Believing in Fairies … the Magic of Forest Kindergarten
Youth Programs in the Fells all starts with Forest Kindergarten, our flagship nature learning initiative for ages 4-5. For older children, we also offer Forest Explorers (ages 5+-7) and Forest Adventurers (ages 8-10). Fundamentally, as our basic “Parent & Caretaker Information” page explains, our program is interest-led.
Your child’s learning will be interest-led. The forest will be our inspiration, and we will encourage the kids to explore at their own pace, and according to their own interests. At younger ages, we aim primarily to stimulate children’s curiosity about the natural world, and to develop critical thinking skills through self-guided exploration and problem solving.
So, as with any other Forest Kindergarten setting, we allow children time to play in the dirt, climb trees, and interact with each other — including sometimes lingering at “home base” just outside the Botume House.
Although it might appear otherwise, this isnotdoingnothing. There is a lot to do and see in that area, such as examining the butterfly activity at the pollinator gardens, spending time under the trees (which they child use to construct “fairy houses”) and a generous grassy area for running around. A small beach for Spot Pond is just down the hill.
One child admires a fairy wand she found, while the other examines a leaf — in their very special “secret hideout” — a popular spot where nature meets the imagination. [Photo by Caro Fett]
In general terms our program can be described as structured unstructured play. Our grandparents might recall a time when children might play outside with friends without any supervision at all. Our program attempts to recreate this form of healthy, social play in nature — with well-chosen, environmentally sensitive instructors as their guides.
Friends of the Fells exclusive link: Fairies of the Fells, a field guide by former Forest Instructor Brenlee Shipps
This past winter was terrible for us humans. To add insult to injury, it was great for ticks. Ticks can stay insulated under the snow, and the excess moisture gives them all they need to thrive. As we move into spring and summer, it’s time to start thinking about how to stay safe from ticks when you hit the trails.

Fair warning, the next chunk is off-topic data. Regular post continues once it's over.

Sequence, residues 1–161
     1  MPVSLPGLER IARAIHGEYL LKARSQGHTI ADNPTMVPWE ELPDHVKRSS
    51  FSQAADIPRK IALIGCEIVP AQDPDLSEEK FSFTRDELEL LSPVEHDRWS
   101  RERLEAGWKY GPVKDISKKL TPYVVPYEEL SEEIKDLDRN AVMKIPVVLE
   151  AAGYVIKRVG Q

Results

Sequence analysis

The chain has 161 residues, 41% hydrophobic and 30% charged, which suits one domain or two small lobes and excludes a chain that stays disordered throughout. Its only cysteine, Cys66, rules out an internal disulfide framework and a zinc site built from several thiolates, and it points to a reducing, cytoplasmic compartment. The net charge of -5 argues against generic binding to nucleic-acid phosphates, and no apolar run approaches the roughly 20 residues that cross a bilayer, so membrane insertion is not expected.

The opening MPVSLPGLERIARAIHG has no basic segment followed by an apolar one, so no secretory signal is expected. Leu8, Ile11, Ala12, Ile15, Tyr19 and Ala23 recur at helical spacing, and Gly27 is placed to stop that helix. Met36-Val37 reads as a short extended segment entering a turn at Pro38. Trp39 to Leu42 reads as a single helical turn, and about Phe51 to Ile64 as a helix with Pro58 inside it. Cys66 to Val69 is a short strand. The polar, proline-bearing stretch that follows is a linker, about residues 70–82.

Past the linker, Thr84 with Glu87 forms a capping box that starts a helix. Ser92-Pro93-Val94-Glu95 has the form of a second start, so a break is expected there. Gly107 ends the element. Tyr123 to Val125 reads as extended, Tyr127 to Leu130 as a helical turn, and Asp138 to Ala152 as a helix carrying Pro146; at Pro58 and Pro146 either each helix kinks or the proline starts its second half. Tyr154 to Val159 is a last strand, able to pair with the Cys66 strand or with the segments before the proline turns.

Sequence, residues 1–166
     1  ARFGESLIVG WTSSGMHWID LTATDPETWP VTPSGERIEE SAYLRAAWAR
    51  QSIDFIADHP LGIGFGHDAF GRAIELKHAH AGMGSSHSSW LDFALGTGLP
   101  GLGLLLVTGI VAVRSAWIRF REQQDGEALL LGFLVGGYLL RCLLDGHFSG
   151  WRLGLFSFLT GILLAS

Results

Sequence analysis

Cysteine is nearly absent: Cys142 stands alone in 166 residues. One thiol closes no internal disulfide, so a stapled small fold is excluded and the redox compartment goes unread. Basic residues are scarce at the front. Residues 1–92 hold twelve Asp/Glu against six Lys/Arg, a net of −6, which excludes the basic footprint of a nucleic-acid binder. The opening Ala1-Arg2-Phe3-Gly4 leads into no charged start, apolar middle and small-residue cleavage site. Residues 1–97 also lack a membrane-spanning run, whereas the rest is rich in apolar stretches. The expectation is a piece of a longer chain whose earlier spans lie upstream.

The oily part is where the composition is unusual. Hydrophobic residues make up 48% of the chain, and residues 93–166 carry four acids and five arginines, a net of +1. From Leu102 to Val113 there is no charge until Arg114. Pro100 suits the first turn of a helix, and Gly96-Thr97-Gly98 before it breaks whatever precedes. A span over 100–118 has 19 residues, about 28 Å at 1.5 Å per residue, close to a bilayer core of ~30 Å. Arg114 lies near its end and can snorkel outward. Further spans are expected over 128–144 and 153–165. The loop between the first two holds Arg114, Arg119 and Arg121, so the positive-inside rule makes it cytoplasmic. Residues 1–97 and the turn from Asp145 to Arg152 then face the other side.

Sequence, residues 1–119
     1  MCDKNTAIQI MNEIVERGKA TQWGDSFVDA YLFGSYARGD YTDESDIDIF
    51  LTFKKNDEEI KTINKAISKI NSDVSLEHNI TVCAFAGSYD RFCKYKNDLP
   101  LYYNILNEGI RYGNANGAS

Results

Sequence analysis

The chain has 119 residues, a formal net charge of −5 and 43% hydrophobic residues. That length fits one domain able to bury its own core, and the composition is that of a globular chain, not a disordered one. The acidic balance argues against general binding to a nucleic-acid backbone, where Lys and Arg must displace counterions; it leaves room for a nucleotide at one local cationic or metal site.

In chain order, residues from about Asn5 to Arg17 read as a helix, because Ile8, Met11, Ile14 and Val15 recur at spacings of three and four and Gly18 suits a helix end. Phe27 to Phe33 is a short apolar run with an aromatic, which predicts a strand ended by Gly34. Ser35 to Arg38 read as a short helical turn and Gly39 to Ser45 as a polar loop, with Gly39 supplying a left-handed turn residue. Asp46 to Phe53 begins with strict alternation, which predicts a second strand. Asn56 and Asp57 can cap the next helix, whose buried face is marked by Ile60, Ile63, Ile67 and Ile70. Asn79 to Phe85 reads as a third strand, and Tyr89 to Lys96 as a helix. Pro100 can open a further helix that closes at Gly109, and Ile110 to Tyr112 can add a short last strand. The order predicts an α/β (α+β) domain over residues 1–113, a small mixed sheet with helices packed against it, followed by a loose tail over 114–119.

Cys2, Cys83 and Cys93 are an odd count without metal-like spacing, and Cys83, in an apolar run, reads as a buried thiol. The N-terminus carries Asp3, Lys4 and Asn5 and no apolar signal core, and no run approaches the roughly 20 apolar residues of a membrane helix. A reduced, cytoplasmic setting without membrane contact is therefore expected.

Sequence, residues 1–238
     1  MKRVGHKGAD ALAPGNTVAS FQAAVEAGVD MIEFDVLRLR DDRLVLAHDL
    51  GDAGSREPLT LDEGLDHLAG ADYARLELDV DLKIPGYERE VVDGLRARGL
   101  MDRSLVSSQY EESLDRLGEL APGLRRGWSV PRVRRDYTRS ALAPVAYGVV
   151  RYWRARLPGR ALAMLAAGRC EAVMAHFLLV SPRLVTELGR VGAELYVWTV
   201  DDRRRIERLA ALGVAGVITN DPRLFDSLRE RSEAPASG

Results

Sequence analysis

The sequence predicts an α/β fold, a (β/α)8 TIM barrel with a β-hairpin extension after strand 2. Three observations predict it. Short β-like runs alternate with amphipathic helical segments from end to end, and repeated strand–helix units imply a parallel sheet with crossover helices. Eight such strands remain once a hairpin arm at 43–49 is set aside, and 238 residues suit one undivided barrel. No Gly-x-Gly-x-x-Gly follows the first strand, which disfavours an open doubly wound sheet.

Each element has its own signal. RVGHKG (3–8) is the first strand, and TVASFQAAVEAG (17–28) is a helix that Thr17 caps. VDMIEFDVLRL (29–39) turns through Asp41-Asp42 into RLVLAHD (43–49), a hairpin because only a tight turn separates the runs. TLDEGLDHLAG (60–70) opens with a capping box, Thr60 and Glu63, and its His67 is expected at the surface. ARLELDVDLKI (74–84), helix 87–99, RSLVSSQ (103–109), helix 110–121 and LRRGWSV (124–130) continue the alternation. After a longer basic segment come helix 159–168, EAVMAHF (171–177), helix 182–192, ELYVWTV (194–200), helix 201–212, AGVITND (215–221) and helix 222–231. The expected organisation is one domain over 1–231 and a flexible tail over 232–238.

Types of Ticks
Adult Deer Tick – Photo by Scott Bauer, USDA
Deer ticks (right) are responsible for causing Lyme disease, babesiosis and anaplasmosis. About 25% to 30% of the nymph-stage deer ticks in the New England are naturally infected with Lyme disease. Nearly all of these infected ticks will cause Lyme if not removed. Both nymph (young) and adult deer ticks will bite humans. The highest risk of being bitten by a deer tick occurs throughout the spring, summer and fall seasons. However, adults can also be out searching for a host any time winter temperatures are above freezing. Deer tick nymphs are the size of a poppy seed and deer tick adults are the size of a sesame seed.
Dog ticks (photo at top) are responsible for causing Rocky Mountain spotted fever and certain types of tularemia. In general, only the adult dog tick will bite humans. The highest risk of being bitten by a dog tick occurs during the spring and summer seasons. Dog ticks adults are about the size of a watermelon seed.
Tips for Avoiding Them
Before You Leave Home
Discuss ticks – Make sure everyone you are hiking with is aware of the dangers and knows how to stay safe.
Clothing – No sandals, wear high socks and long pants – Pull socks over pant legs – Wear long sleeve shirt, hats, light colored clothing.
Pretreat clothing – Socks, long pants, and shirt can be sprayed with Permethrin and then let dry 2 to 4 hours. Permethrin binds tightly to clothing and once dry will not get on your skin. Permethrin kills ticks on contact with treated clothing. Permethrin treatment lasts for 6 washings or 6 weeks. Store treated clothing in a plastic bag and hand wash and dry at low temp.
On The Trails
Use bug repellent – Children over 2 months of age can use 10-15% DEET to repel ticks – Spray boots, clothing and exposed skin. Do not spray face.
Stay on trails – Do not hike off trail in high brush, weeds or grass. Do not sit or lie in leaf litter.
After Your Hike
Perform tick check – Divide group into buddies and perform tick-check at end of hike – ticks are tiny, so look for new “freckles” in the following places:
– Inside and behind the ears
– Along your hairline
– Back of your neck
– Behind your knees
– Between your toes
Perform your check as soon as possible – the risk of Lyme Disease increases with a longer attachment time.
What To Do If You Find A Tick
If bitten by a tick, use a “TickEase Tick Remover” with slotted scoop and thin tweezers to remove tick. Try to avoid squeezing the tick’s body to prevent from injecting yourself with the virus.
Scotch tape the tick to a white card. Get the tick tested for Lyme disease. For testing see following two resources:
See also “Being Outdoors” information on Friends of the Fells youth programs site
H/T to our super volunteers Dennis Crouse and Laurie Adamson for the info in this post.
This November, Massachusetts voters will have the opportunity to vote to update the 30-year-old statewide recycling program known as the Bottle Bill. Expanding the nickel deposit on beverage containers to include bottled water, sports drinks, juice, and iced tea will help to ensure that more of those containers get recycled, and fewer of them end up as litter on our trails, on our streets, or in our water. The Friends of the Fells wants to urge our members and supporters to vote YES on Question 2 because an updated Bottle Bill will take us one step closer to a litter-free Fells and a litter-free Massachusetts.